Debra Opri, an attorney for Jackson’s parents, finally put Grace in her place: “Well, this is the bitter pill you’re going to have to swallow, Nancy. This is the reality, not the reality you have created for the last year. Michael Jackson is not guilty. Let him live his life in peace and stop trying to retry the case, and that’s what you’re doing.”
As noted above, the media seized on comments by one juror in particular, Raymond Hultman, to the effect that although there was not enough evidence to convict Jackson of the crime with which he was charged, the singer had probably acted inappropriately with underage boys in the past.
This exchange between NBC’s Today Show co-host Katie Couric and Mesereau was typical:
Couric: Some jurors are saying this is a not-guilty verdict, not an innocent verdict. One juror said he believes Michael Jackson molested other children, just not this one. So is this really the vindication that Michael Jackson’s supporters believe it is?
Mesereau: Yes, it is. Macaulay Culkin came and testified he was never touched. Mr. Robinson testified he was never touched. Mr. Barnes testified he was never touched. I mean, they tried to promote theories of Mr. Jackson’s behavior that just fell apart because they weren’t true.
Couric: But do you find it troubling, Mr....
Mesereau: I think it’s total vindication.
Couric: Do you find it troubling, though, Mr. Mesereau, that a juror is saying, “I believe Michael Jackson molested children or has molested children before”?
Mesereau: No. I don’t find it troubling because we won the case, and we should have won the case. He’s innocent.
Opinion polls register a majority continuing to believe in Jackson’s guilt. But where does the public get its information? As defense attorney Barry Scheck noted on the Today Show, the public viewed the trial through the prism of the media, while the jury viewed it directly.
The elaborate conspiracy charged by Sneddon—that Jackson abducted the family of his supposed victim and plotted to ship them to Brazil—was proven to be absurd. Mesereau had no difficulty in demonstrating that family members had gone on shopping sprees during their supposed imprisonment, including body waxes for the mother of the then 13-year-old boy and orthodontic work for the latter and his brother. Testimony indicated that the family had “escaped” and returned to Jackson’s Neverland ranch three times, once in a Rolls-Royce, but never called for help.
The defense presented evidence, unrefuted by the prosecution, that the boy’s mother had received a $152,000 settlement from J.C. Penney after she accused security guards of groping her when, in fact, the injuries were caused by her abusive husband. Mesereau was able to portray the woman as a con artist who had a history of attempting to extract money from celebrities for her cancer-stricken son.
Jury members told the press following the trial that the boy’s mother had made a very unfavorable impression on them. During her testimony, the woman alleged that “killers” threatened her during her supposed captivity and schemed to carry off her children in a hot-air balloon.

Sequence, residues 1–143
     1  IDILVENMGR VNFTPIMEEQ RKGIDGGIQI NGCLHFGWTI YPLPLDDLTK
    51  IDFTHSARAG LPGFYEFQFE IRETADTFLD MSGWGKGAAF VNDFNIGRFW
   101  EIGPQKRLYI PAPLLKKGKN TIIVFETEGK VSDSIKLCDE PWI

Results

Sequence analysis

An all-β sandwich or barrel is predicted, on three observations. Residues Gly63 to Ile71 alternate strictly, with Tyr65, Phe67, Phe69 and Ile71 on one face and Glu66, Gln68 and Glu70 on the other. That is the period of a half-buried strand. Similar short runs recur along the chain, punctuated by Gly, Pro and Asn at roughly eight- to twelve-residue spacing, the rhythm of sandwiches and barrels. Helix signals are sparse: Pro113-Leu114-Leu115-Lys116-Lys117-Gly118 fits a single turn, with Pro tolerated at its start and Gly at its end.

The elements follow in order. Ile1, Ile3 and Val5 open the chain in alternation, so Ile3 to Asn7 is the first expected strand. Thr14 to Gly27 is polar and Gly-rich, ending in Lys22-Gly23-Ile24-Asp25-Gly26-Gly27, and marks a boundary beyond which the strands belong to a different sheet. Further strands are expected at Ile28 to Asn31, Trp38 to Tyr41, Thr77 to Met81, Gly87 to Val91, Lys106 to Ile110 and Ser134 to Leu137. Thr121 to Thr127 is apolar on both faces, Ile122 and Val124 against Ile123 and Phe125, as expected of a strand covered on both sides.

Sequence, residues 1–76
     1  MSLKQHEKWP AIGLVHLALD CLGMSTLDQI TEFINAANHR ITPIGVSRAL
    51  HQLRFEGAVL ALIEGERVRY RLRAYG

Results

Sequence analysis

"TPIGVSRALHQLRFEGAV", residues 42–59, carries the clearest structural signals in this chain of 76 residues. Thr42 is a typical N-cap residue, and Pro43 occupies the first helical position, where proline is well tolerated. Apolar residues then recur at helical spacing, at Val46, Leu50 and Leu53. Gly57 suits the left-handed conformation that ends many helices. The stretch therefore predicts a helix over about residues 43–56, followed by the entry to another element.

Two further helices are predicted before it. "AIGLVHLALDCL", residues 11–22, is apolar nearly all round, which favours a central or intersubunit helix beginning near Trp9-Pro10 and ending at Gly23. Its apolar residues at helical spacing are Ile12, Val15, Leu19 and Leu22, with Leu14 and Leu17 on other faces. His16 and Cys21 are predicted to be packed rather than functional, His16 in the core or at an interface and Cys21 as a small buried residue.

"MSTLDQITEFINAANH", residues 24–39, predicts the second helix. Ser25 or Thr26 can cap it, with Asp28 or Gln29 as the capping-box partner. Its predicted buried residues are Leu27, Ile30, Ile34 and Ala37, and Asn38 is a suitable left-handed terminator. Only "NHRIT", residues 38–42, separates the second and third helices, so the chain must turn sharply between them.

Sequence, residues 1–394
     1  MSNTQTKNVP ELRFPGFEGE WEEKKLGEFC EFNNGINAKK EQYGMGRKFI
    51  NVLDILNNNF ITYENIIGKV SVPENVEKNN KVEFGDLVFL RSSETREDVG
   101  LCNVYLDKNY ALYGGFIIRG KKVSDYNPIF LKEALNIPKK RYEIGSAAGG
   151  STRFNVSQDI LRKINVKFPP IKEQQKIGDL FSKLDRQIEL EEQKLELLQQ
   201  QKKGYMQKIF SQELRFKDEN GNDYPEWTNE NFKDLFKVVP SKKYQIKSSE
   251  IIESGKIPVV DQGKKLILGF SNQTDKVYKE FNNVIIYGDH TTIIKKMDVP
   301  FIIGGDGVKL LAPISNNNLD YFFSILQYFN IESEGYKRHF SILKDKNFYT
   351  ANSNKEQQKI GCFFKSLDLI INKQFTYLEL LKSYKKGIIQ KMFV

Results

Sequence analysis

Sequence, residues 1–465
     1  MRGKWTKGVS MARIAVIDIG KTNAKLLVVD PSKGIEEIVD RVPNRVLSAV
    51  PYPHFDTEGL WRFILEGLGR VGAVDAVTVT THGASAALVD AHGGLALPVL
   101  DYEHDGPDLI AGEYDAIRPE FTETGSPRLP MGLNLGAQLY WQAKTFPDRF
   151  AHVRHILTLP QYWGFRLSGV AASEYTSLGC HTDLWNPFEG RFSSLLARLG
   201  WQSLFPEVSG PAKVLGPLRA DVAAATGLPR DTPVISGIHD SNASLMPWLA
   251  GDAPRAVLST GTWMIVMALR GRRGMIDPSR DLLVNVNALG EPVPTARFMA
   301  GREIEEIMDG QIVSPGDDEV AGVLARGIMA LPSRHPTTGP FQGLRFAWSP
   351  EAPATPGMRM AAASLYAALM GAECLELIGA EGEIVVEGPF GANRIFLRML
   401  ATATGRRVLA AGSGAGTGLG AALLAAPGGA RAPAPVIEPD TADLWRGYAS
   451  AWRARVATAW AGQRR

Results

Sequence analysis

In a number of instances, prosecution moves blew up in their faces. Called by Sneddon as a witness, Debbie Rowe, Jackson’s ex-wife, proved quite supportive of the singer. In his opening statement the district attorney had promised jurors that Rowe would testify that a video she recorded praising Jackson was made under pressure and that her appearance had been entirely scripted. When she appeared, Rowe, who is locked in a custody battle with Jackson, repudiated this version of events and called the pop singer “my friend.”
The prosecution put several former Neverland employees on the stand who alleged that Jackson had groped a number of young boys in the early 1990s. Most of these witnesses had either sued or sold stories about Jackson and, as Mesereau pointed out to Couric, the boys who testified denied any impropriety.
Jurors who spoke to the media explained that the prosecution had simply never made a case. One of the jurors, a middle-aged mother, told the press, “The evidence said it all. We had a closet full of evidence that made us come back to the same thing—that there wasn’t enough” to convict. “Things didn’t add up,” she said.
In a statement they had the judge read out in court, the jury of eight women and four men explained, “We the jury feel the weight of the world’s eyes. We thoroughly studied the testimony, evidence, rules and procedures. We confidently came to our verdict.”
Jurors explained that as the trial proceeded, they began to think of Jackson less as a celebrity. “Even though he is a superstar, he is a human,” one female juror explained. “Seeing him throughout the trial, he is a normal person. It made him real in my eyes.”
Rodriguez told ABC’s Good Morning America that Jackson had thanked them. “He looked over at us. In fact, I made eye contact with him as the last part of the verdict was read and he kinda just mouthed to us and openly said, ‘Thank you.’”